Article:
Monday, January 27, 2014

A Catalog of Cooking, or Streamlined eating in the Library

A page from Teen Cuisine, illustrated by Peter Max.

Yes, that's a page from one of the hundreds of cookbooks in my personal collection (although I did not take this photo). I can't say I find a late 60's teen party cookbook too Streamlined inspiring but man, the overall design makes it a great addition to any dinner party, room or rap session.

Yes, I've mentioned before about collecting cookbooks, some for their historic entertainment and others for actual cooking. And I do scour the web for inspiration. But I would be remiss in both my Retro and Streamlined Ska Librarian physiques to not talk about some great resources for recipes and menu planning available from libraries. 

Some resources are a little more esoteric, such as New York Public Library's great menu collection, for which you can help add metadata. (Crowdsource Delmonicos!)

But there's also a new beta site that I'd like to share: The OCLC Worldcat Cookbook Finder

Worldcat is a website that links up to thousands of library catalogs all over the world. It's a nice way to find out if a book is available in your area or if you can get it through inter-library loan.

The Cookbook Finder can be  searched by the usual terms, but also by ingredient, method and (be still my heart) Dewey Decimal Number. 

[I find those librarians that poo-poo DDC in favor of some more "popular" classification systems to be just missing out.But that another post for another time.]

And let's be honest; much as I love owning cookbooks, price and space does not always allow that personal library to grow. Thankfully, cookbooks are a big part of library collections. What if I really wanted to try some new eating plan and perusing the web just wasn't doing it, as it was too disparate and not easily self-contained? This, my friends, is the way to go.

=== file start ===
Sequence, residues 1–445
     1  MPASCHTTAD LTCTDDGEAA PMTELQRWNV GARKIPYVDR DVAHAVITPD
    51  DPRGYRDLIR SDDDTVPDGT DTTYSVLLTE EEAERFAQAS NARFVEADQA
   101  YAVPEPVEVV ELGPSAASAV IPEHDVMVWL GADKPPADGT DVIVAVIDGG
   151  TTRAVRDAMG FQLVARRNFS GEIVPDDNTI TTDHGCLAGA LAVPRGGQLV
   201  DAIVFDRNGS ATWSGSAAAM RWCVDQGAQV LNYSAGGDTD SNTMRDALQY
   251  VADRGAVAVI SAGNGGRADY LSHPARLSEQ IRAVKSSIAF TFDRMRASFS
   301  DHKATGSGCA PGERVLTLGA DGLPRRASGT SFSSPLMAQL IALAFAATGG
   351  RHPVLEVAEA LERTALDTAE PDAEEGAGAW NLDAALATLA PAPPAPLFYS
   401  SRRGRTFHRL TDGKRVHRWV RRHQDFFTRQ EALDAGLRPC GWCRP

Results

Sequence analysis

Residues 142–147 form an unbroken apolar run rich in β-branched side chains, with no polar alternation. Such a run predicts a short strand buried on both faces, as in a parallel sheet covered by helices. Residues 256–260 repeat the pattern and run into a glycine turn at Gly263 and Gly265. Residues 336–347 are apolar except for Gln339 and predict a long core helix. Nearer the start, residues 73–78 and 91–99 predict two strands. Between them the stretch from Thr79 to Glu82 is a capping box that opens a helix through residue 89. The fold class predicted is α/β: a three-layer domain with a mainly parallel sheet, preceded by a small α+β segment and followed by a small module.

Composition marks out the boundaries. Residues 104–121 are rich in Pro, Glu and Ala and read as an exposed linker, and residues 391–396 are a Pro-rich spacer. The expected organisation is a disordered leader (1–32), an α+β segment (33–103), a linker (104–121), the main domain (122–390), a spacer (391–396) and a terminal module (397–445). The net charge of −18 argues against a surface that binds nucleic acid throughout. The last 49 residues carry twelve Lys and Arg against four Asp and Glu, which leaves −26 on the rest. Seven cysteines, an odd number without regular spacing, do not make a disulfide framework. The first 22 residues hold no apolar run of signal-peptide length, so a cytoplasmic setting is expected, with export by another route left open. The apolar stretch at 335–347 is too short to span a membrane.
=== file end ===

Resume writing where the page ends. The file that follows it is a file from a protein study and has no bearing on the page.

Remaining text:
So, I'm going to recommend a few items that have inspired me in my Streamlined Ska Librarian lifestyle. And by "inspired" I mean I enjoyed these ideas for recipes and promptly saw how I could fit them to my own style, technique and need. These are all from my own collection, but are also available in libraries. The following links are to the Worldcat pages.

The Gefilte Variations by Jayne Cohen.

This has some really nice variations of traditional Jewish foods (and the author's a librarian!) but oy gevalt! These recipes take time and equipment! Certainly not something always easy in a small NYC kitchen. The ingredients are simple (for example, the amazing potato-onion kugel is just potatoes, onions, oil, eggs, rosemary and salt) but they often require several pots, multiple preps stages and a LOT of space! Still, these are easily tweakable to inspire your own variations, with or without gefilte. 

Het grote kookboek : een culinaire ontdekkingsreis door meer dan 800 recepten

I know we often make fun of British food, but having worked with the Dutch for so long, those Brits ain't got nothing on bad food reps! Still, in order to better appreciate "echte Nederlandse keuken" (and help me get a better grip on the Dutch language), this book has come in handy. And while not all the ingredients are the same across the pond, it's nice to know it's not all bitterballen and stoempf. In fact, some of it is downright healthy! (gestoomde zalm met asperges, anyone?)

Crumbles & Tatins by Aude de Galard and Leslie Gogois.

I picked this book up in a Paris bookshop some years back. This is a perfect example of French food that is not overly fancy or very difficult to make. In fact, the recipes are remarkably simple. And they run the gamut of taste from those of us who like boudin noir to the more healthy variations of vegetables. However, it does use butter because, well, it is France. But you can still tweak it to make it to your liking and needs. 

Floyd on Britain & Ireland by Keith Floyd. 

What was I saying about the Brits? Well, there's also Keith Floyd. Before all the new, hip cuisine of Great Britain, there was this fabulous rather inebriated fellow who would appear on television and who knew how to cook. Again, the ingredients may not always match up to US products, but you can easily Americanize your groats and potted shrimp. What I do like about it is that these are recipes to really "get your hands dirty" using all partsof plants and animals. 

So, go browse, borrow and cook!



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